The Killing of Two Lovers
2021, R, 85 min. Directed by Robert Machoian. Starring Clayne Crawford, Sepideh Moafi, Chris Coy, Avery Pizzuto, Bruce Graham, Arri Graham, Jonah Graham, Ezra Graham.
REVIEWED By Steve Davis, Fri., May 14, 2021
The opening scene trembles with audacious literalness. Framed in an uncomfortable closeup, a distraught man on the verge of tears is transfixed by something just offscreen. Cut to a medium shot revealing him grimly pointing a pistol at the objects of his troubled gaze, two sleeping figures – a man and woman – sprawled on a bed in early morning, both unaware of his presence in the room. Are we about to witness the titular murder just minutes into the movie, without any backstory to explain the explosive violence that might occur in this unsettling introduction?
It’s a ballsy way to begin a movie, but director/screenwriter/editor Machoian is firmly in control throughout The Killing of Two Lovers, deftly sustaining a slow-burn tension in this unflinching story of a disintegrating marriage: one in which husband David (Crawford) desperately strives for reconciliation knowing his estranged wife Nikki (Moafi) may have already formulated an exit strategy with another man during the couple’s trial separation. (The first time you see them together, it’s painfully obvious they’re not on the same page.) The nice-guy countenance David dons for the sake of his spouse and their four kids barely masks his rage; as the paterfamilias struggling to keep his family intact, he feels emasculated by his lack of control over the situation. It’s a familiar template for domestic drama, particularly in its observations about traditional masculinity, but rarely – at least, in recent memory – has this type of story felt so potent or dangerous.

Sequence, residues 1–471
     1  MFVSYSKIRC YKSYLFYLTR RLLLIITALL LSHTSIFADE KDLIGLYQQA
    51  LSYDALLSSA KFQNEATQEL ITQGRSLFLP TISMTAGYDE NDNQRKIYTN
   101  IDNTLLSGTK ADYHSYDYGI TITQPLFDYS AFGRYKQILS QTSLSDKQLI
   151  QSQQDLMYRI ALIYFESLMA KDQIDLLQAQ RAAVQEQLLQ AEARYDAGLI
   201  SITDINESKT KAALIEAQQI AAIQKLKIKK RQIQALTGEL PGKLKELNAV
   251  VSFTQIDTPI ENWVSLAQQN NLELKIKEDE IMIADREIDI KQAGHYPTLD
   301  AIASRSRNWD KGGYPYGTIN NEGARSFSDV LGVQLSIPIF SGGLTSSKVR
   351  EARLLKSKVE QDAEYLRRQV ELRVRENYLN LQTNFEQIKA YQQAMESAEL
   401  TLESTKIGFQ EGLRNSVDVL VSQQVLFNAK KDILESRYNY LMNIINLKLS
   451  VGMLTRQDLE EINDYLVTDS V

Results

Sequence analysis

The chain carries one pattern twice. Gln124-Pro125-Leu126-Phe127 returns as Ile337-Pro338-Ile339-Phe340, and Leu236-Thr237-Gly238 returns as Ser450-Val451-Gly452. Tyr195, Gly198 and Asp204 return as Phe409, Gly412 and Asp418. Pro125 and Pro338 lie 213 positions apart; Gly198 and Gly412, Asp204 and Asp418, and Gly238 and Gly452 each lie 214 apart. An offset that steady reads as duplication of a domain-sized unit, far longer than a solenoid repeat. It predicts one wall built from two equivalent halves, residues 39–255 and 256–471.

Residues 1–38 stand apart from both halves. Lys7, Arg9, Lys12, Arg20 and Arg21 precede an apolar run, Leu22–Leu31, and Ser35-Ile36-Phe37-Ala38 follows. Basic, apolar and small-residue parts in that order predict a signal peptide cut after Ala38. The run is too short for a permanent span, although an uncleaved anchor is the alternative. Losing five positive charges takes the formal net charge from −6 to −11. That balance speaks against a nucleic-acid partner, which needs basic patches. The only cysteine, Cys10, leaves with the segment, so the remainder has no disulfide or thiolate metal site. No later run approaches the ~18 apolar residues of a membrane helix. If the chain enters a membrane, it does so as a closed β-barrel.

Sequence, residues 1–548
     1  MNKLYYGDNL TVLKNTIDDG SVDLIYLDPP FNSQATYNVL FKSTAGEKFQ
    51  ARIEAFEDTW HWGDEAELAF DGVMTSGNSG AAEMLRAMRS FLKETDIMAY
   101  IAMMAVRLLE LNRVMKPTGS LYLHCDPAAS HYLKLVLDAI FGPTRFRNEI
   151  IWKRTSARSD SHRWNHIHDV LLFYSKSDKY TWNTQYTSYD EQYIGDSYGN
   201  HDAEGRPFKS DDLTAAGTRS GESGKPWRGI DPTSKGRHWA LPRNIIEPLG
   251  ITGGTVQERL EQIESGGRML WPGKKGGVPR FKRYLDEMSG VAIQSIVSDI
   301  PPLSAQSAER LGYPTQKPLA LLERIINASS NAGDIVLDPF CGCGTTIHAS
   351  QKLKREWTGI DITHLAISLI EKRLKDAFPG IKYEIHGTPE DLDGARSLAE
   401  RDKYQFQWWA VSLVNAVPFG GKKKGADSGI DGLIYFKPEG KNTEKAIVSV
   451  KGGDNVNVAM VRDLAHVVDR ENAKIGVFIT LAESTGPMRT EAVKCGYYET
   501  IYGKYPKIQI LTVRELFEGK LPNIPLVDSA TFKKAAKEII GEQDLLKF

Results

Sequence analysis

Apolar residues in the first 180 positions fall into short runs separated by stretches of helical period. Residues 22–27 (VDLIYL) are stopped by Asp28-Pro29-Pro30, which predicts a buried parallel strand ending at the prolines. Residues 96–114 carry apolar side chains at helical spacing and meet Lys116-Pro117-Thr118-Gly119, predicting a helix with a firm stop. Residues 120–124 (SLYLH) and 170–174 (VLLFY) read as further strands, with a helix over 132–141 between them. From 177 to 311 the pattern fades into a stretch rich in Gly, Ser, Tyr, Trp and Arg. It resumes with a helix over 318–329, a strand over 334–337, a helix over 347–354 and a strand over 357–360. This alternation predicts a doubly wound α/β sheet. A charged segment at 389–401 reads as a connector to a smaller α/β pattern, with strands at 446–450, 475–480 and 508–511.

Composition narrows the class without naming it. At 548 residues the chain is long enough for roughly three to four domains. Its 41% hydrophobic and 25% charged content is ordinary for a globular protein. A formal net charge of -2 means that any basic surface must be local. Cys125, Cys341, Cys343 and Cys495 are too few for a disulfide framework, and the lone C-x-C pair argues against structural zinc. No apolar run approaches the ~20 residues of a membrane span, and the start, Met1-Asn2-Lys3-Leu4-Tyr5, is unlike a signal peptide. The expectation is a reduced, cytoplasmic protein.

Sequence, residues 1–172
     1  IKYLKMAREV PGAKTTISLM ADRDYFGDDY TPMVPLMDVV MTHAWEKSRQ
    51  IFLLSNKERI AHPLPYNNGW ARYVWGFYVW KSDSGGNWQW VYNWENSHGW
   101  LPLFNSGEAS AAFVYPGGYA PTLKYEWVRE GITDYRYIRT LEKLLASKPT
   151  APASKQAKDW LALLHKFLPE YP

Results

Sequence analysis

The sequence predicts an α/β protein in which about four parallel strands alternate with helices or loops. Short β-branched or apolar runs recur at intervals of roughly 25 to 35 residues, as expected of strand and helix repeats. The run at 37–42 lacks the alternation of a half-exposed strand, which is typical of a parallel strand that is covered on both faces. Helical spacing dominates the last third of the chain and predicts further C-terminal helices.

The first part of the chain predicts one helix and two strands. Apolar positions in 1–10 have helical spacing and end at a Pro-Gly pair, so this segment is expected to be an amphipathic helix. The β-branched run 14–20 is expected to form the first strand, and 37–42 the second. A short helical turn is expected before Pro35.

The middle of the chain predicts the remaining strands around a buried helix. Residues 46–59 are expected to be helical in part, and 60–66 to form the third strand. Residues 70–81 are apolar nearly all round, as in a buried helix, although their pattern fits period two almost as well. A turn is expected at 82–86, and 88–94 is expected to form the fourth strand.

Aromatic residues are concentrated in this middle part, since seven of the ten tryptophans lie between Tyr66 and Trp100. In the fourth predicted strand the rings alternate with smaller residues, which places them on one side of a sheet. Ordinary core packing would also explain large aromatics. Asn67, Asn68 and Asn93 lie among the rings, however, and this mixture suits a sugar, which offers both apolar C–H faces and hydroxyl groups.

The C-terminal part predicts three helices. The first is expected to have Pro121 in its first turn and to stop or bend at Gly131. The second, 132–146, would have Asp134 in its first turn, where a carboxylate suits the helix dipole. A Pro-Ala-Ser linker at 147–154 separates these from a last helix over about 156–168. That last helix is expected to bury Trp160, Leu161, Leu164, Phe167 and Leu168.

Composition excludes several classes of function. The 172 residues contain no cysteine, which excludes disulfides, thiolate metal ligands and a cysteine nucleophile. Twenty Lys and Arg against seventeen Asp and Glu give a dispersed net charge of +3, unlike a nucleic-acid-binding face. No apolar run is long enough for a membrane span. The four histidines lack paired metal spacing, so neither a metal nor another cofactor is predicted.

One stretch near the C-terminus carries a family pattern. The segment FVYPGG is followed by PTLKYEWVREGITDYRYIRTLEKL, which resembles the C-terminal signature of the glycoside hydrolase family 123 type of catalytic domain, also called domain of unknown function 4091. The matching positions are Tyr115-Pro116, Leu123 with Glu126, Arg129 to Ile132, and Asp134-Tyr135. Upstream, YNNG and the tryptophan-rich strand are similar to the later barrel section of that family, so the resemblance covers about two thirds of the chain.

Machoian is a master of the dynamic long take, which he frequently employs in full service of a bare-bones narrative taking place over a mere two days. Beginning with an exhilarating (and for a minute or so, bewildering) sequence in which David escapes through the front window of a house and flees down the middle of a road in a sparsely inhabited neighborhood, the camera patiently pacing behind him until he reaches his destination, Machoian embraces a clean economy of style that seldom, if ever, feels gratuitous. Fluctuating from claustrophobic to open-sky settings (the film was shot in wintry rural Utah), it appears he’s thought everything out, but without suffocating the movie. The muted cinematography of Oscar Ignacio Jimenez (but how that red Ford pickup truck pops onscreen!) and a chilling sound design that periodically incorporates what sound like muffled gunshots (or are they clicks of a revolver’s rotating barrel?) make solid contributions to Machoian’s overall vision here.
One prolonged take towards the end of the film stands out. Despite an ever-determined David’s flailing attempts at normalcy, a “fun” outing of launching toy rockets in a local park goes south when his forced frivolity morphs into ugly frustration and anger, with his teenage daughter calling him out on his bullshit as his three pre-adolescent boys look on cluelessly. Crawford is especially good in this scene. First, you see David manic with high hopes, only to watch the air completely seep out of him. It’s like a little play within a play, a microcosm of the movie itself. As there and elsewhere in his first solo feature film, Machoian demonstrates he can work magic. Let’s see what he pulls out of this hat next.